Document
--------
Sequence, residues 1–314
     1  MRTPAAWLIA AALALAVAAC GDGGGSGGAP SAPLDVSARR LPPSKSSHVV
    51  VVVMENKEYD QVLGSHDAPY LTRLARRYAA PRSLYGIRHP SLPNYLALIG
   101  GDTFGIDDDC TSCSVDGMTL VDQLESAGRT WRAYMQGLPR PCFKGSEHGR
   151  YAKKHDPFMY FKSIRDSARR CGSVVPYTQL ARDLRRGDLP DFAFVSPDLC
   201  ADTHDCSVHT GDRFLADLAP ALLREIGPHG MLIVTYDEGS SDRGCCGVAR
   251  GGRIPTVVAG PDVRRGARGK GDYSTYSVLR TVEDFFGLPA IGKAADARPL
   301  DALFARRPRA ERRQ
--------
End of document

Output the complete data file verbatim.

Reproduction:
Sequence, residues 1–314
     1  MRTPAAWLIA AALALAVAAC GDGGGSGGAP SAPLDVSARR LPPSKSSHVV
    51  VVVMENKEYD QVLGSHDAPY LTRLARRYAA PRSLYGIRHP SLPNYLALIG
   101  GDTFGIDDDC TSCSVDGMTL VDQLESAGRT WRAYMQGLPR PCFKGSEHGR
   151  YAKKHDPFMY FKSIRDSARR CGSVVPYTQL ARDLRRGDLP DFAFVSPDLC
   201  ADTHDCSVHT GDRFLADLAP ALLREIGPHG MLIVTYDEGS SDRGCCGVAR
   251  GGRIPTVVAG PDVRRGARGK GDYSTYSVLR TVEDFFGLPA IGKAADARPL
   301  DALFARRPRA ERRQ